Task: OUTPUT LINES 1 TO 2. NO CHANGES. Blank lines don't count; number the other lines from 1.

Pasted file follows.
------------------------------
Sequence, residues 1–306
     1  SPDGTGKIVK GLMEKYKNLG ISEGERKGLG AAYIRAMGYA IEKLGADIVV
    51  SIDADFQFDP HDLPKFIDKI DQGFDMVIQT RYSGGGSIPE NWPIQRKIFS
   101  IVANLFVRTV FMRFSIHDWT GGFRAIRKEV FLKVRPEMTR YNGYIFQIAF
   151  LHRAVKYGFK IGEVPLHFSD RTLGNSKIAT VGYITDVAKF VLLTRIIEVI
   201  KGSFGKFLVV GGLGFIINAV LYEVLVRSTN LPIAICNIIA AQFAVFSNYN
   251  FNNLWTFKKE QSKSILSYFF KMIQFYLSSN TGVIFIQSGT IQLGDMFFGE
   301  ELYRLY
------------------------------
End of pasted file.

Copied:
Sequence, residues 1–306
     1  SPDGTGKIVK GLMEKYKNLG ISEGERKGLG AAYIRAMGYA IEKLGADIVV